China's cynical attempts to use the coronavirus pandemic to its own advantage should be taken as a warning that Beijing is not to be trusted, a lesson the West should take on board as it contemplates its future relationship with the Chinese, on trade and other issues such a 5G. (Photo by Hector Retamal/AFP via Getty Images)
China's shameful attempt to exploit the coronavirus pandemic to further its own global ambitions should be seen as yet further evidence of the mounting threat Beijing poses to the West.
The blatant hypocrisy of China's attempts to use the pandemic for its own ends should persuade countries such as Britain to undertake a fundamental reappraisal of their relationship with Beijing, especially when it comes to sensitive technological issues, such as allowing the Chinese telecoms giant Huawei access to the 5G network.
Far from being embarrassed that the rank incompetence of the Chinese Communist Party (CCP) in dealing with the initial outbreak has resulted in the world suffering its worst public health crisis in a century, Beijing has instead embarked on a charm offensive aimed at providing support for affected countries.
A good example of how China is seeking to reposition itself as the world's "Coronavirus Saviour", as opposed to being the instigator of a pandemic that has so far claimed around 20,000 lives, can be seen in the response of the Balkan state of Serbia to the generous medical support it has received from Beijing.
Serbia, in common with many European countries, was caught off-guard by the rapid spread of the virus, and soon found that it was suffering severe shortages of vital medical supplies.
This led the country's president, Alexander Vucic, to make a personal appeal to Chinese President Xi Jinping for help. Referring to Mr Xi as my "brother and friend", Mr Vucic publicly thanked the Chinese leader after Beijing sent a team of doctors to Belgrade, together with face masks, ventilators and other vital equipment.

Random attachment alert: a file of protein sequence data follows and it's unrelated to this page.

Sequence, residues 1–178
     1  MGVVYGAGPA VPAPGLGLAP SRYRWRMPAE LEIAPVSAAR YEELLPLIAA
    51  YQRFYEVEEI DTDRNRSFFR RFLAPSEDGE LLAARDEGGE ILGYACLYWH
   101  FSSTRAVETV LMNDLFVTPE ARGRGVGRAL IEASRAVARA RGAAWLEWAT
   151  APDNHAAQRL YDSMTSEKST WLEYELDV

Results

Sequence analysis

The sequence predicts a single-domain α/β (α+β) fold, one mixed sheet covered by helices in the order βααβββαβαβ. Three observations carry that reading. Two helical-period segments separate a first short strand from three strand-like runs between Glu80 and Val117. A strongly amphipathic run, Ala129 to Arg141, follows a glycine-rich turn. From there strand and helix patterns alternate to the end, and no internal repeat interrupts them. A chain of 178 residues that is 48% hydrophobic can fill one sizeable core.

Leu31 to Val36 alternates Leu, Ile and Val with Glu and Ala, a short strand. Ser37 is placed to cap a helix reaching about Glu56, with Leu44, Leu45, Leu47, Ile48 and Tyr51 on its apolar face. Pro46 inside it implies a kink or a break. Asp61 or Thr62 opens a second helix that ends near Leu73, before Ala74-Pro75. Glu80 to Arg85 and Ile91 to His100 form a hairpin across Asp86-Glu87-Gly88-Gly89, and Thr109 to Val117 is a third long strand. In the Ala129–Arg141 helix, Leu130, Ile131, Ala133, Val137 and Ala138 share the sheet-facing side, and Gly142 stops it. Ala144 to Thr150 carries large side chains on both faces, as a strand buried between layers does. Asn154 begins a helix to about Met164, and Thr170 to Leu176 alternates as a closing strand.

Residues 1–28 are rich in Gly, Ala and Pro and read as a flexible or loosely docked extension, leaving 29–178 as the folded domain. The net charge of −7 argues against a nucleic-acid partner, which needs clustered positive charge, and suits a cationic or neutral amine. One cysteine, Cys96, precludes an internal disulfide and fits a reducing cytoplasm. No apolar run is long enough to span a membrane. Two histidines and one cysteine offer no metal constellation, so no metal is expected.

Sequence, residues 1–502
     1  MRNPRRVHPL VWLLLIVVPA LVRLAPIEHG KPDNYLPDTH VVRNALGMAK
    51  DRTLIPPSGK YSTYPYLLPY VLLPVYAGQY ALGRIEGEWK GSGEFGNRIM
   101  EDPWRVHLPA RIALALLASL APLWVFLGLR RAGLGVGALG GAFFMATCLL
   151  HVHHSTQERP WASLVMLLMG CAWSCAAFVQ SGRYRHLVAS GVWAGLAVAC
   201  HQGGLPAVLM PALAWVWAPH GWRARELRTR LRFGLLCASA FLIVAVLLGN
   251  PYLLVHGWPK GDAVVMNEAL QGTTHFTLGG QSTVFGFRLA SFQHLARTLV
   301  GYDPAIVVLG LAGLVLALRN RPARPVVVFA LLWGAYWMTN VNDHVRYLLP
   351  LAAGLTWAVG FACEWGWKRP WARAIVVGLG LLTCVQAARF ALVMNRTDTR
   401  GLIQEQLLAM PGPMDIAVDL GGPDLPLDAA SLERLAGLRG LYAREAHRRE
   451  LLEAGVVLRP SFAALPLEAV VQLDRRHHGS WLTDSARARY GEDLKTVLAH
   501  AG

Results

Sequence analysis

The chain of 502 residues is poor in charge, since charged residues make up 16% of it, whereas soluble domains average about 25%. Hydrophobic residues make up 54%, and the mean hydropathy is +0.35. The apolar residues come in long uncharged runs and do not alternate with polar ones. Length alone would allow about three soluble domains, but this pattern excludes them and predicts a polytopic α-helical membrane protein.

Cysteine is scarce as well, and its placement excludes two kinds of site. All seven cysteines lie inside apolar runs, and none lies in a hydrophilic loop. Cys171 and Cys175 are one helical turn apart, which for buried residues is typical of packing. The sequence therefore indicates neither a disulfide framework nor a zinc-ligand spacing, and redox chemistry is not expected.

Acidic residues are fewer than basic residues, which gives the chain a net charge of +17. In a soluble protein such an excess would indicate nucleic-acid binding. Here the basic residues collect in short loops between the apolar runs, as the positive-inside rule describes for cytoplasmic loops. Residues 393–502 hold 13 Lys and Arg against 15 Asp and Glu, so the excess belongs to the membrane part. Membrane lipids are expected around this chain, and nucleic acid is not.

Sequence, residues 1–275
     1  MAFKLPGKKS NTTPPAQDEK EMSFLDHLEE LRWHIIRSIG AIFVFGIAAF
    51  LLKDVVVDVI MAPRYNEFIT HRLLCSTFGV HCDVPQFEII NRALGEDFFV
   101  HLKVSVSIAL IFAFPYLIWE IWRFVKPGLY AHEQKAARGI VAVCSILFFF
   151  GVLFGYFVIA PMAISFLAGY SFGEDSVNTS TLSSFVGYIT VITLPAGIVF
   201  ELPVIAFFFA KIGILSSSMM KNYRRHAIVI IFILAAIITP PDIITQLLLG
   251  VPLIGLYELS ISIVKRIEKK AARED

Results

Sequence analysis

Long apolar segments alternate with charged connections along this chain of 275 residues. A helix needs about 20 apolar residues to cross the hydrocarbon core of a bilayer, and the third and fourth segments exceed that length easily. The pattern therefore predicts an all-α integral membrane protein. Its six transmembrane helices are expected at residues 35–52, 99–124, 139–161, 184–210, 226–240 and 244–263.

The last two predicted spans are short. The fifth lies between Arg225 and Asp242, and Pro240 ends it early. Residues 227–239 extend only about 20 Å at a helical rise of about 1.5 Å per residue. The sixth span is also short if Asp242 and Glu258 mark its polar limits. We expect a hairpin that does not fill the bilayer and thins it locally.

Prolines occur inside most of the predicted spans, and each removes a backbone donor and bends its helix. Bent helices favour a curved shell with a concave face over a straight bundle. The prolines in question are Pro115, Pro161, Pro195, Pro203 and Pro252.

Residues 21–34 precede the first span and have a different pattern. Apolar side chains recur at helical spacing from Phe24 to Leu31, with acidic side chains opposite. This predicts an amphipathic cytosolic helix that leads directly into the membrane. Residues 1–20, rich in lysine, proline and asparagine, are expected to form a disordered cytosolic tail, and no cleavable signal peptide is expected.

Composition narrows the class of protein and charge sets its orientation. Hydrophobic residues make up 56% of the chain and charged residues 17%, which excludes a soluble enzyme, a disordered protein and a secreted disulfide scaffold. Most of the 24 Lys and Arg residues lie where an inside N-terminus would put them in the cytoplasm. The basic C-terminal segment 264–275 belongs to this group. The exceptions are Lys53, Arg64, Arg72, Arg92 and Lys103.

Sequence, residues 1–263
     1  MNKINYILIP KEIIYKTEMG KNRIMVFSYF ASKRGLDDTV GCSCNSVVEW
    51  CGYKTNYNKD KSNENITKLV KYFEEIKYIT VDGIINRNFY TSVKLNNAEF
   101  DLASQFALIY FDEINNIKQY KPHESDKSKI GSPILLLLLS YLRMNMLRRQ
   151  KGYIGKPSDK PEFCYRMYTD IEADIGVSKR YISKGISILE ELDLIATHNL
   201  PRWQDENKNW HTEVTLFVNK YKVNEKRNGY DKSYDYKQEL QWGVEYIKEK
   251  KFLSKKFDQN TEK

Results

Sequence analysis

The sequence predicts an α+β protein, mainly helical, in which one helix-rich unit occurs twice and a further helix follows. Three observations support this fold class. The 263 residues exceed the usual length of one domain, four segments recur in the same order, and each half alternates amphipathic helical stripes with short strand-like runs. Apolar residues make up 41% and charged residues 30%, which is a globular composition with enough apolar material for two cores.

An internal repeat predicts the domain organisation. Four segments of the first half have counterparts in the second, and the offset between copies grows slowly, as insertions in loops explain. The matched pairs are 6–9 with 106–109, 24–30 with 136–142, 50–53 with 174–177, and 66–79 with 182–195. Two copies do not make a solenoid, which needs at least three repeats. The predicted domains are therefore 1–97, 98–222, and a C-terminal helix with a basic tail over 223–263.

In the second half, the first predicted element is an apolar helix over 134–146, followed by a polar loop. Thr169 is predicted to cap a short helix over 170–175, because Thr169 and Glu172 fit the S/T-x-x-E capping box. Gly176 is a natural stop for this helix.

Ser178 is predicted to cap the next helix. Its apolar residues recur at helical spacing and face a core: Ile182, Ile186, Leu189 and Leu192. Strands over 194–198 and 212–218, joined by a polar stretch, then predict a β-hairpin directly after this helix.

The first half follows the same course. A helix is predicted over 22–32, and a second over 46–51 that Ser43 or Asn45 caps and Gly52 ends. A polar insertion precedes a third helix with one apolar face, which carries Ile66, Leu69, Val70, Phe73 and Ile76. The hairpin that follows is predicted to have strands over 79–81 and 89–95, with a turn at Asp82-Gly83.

"I believe in my brother and friend Xi Jinping and I believe in China's help," said Mr Vucic, before ending his statement with a swipe at the European Union, which had failed to respond to Serbia's request for assistance. "European solidarity," he said, was just a fairy tale.
The gratitude expressed by countries such as Serbia for the assistance provided by China will be music to Beijing's ears as it seeks to distance itself from its culpability in causing the pandemic in the first place. As Yu Jie, a senior research fellow at London's prestigious Chatham House think tank, commented earlier this week, "China is trying to turn its health crisis into a geopolitical opportunity. It is launching a soft power campaign aimed at filling the vacuum left by the United States."
China's cynical attempts to use the coronavirus pandemic to its own advantage are not just deeply unethical: they should be taken as a warning that Beijing is not to be trusted, a lesson the West should take on board as it contemplates its future relationship with the Chinese, on trade and other issues such a 5G.
In Britain, for example, Prime Minister Boris Johnson's decision earlier this year to allow Huawei access to the country's new 5G network was taken despite the fact that the country's security services have long-regarded Huawei as a "high-risk vendor".
Mr Johnson's decision in favour of Huawei continuing its involvement in constructing the 5G network is said to have been influenced by threats from Beijing that Britain's vital trading relationship with China would be adversely affected if Huawei was excluded.
Mr Johnson's decision provoked outrage in Washington, prompting a cross-party group of 20 US senators to travel to London and call on the UK to reverse its decision, highlighting the "significant security, privacy, and economic threats" of the plan.
Apart from jeopardising Britain's future membership of the elite "Five Eyes" intelligence-sharing arrangement with the US, Canada, Australia and New Zealand, Washington believes the British government is being naive if it believes it can allow Beijing access to its 5G network without compromising its own national security, as well as other members of the Five Eyes alliance.
Mr Johnson certainly has a good excuse for reversing the Huawei decision now that Beijing has shown its true colours through its all-too-revealing exploitation of the coronavirus pandemic.
Con Coughlin is the Telegraph's Defence and Foreign Affairs Editor and a Distinguished Senior Fellow at Gatestone Institute.